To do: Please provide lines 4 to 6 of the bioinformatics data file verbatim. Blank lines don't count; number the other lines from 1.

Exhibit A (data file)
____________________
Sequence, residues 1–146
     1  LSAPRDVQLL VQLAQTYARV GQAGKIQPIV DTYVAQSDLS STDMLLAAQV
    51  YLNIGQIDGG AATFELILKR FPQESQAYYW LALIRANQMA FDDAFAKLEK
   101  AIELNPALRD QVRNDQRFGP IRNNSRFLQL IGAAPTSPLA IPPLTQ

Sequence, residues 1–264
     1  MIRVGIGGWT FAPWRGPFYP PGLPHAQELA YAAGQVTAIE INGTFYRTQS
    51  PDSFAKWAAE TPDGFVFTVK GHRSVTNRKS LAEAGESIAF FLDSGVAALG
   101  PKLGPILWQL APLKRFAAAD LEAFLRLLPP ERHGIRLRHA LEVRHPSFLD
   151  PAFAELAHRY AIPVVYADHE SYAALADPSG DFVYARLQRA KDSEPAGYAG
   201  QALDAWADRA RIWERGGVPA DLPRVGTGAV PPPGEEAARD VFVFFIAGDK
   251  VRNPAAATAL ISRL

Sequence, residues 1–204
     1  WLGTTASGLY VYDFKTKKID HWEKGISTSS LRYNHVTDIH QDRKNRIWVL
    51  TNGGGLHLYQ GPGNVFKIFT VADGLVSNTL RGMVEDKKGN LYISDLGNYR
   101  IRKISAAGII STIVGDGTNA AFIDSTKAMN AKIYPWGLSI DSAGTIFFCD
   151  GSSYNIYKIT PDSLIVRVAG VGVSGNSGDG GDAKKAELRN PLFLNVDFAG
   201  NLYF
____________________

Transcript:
   101  AIELNPALRD QVRNDQRFGP IRNNSRFLQL IGAAPTSPLA IPPLTQ

Sequence, residues 1–264
     1  MIRVGIGGWT FAPWRGPFYP PGLPHAQELA YAAGQVTAIE INGTFYRTQS